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US- China Relations

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by

Alan Zhou

on 6 November 2014

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Transcript of US- China Relations

Introduction
US had recognized the government of Taiwan in the aftermath of the Chinese Civil War
PR China takes over China's seat in the UN on Oct 25, 1971
United States approaches PRC as a method of counterbalancing Soviet influence in Asia
Both sides establish mutual embassies in 1979
Military Relations
China begins Reforming and Opening Up policy under Deng Xiaoping, part of policy is known as China's Peaceful Rise
Development of the PLA is seen as priority to project China's image
Culminates with the first deployment of full-sized carrier in Asia-Pacific
Economic Issues
$579 B in trade in 2012
US is China’s 3rd largest export market
China is US largest export market
$318.4B trade deficit between US and China
US-China Relations
United States
Dominant power in Pacific since WWII
Some in US political circles see China's actions as heavy handed
US deploys military equipment to Philippines in order to contain China
Also invites China to RIMPAC as method of military diplomacy and engagement
China's Missiles
Taiwan
China has made Taiwan clear National interest
Publicly stated the succession will be met with military force
Washington has made it public that Taiwan has right to defend itself
US sells weapons to Taiwan as per the Taiwan Relations Act
Currency Issues
US claims that China is currency manipulator
Some claim that China’s currency devaluation policy produce a de facto tariff on US goods entering China
China emerging relatively unscathed in the ‘08 Financial Crisis, should not play junior fiddle to west, Wen Jiabao has warned of retaliation in the form of debt dumping
Economic and Trade Espionage
Fears of China conducting cyber warfare on US interests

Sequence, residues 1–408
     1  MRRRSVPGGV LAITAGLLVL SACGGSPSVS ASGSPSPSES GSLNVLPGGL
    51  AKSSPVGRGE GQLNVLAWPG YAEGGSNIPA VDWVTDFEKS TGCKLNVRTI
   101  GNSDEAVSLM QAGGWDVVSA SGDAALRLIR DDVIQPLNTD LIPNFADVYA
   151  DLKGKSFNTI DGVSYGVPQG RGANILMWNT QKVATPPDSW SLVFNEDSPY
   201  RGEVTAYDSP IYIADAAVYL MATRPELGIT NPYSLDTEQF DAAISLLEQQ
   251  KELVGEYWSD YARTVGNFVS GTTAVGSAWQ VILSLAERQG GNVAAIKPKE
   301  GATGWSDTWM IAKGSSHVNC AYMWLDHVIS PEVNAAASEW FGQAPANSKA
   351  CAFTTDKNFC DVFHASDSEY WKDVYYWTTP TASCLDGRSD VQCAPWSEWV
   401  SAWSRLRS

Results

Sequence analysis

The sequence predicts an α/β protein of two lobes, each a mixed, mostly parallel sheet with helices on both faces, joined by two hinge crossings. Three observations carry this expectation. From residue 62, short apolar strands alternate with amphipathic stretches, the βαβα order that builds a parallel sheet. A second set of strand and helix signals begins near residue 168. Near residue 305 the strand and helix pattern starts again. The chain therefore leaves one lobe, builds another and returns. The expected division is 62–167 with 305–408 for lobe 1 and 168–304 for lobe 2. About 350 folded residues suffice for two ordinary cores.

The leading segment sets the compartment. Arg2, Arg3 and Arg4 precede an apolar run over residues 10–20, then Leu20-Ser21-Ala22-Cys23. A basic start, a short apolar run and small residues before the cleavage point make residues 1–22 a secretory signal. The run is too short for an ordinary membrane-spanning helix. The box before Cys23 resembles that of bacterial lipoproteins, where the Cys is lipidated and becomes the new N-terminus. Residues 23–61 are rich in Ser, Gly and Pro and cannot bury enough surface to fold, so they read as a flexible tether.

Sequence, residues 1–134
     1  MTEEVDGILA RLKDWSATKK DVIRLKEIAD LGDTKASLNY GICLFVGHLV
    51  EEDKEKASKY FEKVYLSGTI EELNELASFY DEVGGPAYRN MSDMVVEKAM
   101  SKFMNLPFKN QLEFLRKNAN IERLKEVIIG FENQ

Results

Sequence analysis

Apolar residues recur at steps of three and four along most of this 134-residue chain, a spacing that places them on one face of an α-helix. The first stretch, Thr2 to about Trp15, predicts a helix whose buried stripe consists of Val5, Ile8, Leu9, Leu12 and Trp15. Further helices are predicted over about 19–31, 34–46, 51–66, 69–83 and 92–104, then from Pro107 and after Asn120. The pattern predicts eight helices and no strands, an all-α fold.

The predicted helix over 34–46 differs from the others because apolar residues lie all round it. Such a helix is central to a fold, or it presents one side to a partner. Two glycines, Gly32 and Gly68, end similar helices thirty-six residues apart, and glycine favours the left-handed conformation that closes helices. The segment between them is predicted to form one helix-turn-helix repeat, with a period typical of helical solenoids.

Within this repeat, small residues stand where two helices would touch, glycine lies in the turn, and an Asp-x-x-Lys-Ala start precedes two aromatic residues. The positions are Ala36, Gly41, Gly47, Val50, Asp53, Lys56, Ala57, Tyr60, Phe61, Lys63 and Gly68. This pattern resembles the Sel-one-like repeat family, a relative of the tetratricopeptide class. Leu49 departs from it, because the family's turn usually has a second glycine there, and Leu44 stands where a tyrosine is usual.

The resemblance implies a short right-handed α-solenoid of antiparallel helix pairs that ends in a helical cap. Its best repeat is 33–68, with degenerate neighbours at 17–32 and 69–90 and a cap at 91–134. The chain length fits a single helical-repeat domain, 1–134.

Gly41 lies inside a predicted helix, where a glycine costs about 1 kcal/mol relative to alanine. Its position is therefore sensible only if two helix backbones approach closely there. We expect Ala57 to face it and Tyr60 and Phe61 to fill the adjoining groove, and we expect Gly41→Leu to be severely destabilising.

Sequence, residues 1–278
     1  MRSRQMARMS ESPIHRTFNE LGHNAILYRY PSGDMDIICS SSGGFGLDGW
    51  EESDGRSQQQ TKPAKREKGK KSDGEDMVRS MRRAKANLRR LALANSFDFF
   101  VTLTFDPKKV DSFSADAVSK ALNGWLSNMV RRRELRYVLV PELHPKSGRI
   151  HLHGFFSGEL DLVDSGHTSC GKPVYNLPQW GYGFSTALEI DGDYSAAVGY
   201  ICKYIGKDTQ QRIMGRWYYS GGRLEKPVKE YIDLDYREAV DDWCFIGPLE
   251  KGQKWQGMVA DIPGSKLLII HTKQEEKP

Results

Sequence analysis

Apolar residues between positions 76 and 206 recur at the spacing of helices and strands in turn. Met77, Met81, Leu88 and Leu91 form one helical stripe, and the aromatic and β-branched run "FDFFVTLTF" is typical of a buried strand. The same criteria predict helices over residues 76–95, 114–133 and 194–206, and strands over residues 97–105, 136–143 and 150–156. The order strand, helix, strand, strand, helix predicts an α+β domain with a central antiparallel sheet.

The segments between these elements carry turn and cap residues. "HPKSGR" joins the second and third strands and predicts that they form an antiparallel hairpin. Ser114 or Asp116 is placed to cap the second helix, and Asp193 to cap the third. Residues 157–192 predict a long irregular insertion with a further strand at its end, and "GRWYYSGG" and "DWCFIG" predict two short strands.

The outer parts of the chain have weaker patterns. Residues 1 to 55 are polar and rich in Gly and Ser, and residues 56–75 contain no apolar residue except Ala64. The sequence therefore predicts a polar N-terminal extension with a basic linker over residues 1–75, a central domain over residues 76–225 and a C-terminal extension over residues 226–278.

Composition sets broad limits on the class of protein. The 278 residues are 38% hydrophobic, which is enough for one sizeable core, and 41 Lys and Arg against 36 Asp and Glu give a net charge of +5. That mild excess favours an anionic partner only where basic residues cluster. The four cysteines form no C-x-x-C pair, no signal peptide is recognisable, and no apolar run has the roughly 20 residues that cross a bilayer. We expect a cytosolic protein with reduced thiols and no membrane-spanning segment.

US indicts Chinese military members for spying on US economic interests
Historically, US has also been known for spying on other countries as it developed own economic base in the 18th and 19 centuries.
Japan
Center of Sino-Japanese dispute is Diaoyutai Islands
Area has potential for hydrocarbon deposits
US has conflicting stance towards issue
State Department has noted that the US will not get involved in Island dispute
DoD has noted that the Islands are covered under a US-Japan Mutual Defense Treaty
Domestic issues have effected actions on both sides
China sees need to be assertive in order to have access to needed natural energu resources
much of western criticism China sees as meddling in internal affairs
Political Relations
Territorial Issues
Deng "It's time to spank the unruly little Children" 1979
Both economies in need of hydrocarbons
tensions flared as a result of placement of Oil Rig by China in disputed waters
US has re-engaged with Vietnam with new military training exercises.
Vietnam
Conclusion
China has had one of the fastest growing economies in the world, many do not know if growth can be sustainable
Newly published data shows that in 2014, China overlook the US as the largest economy in the world
The US government has stated the need for greater understanding between the United States and Chinafears of encroachments on each others national interests
Henry Kissinger “China is in its own category—too big to ignore, too repressive to embrace, difficult to influence, and very, very proud”
Full transcript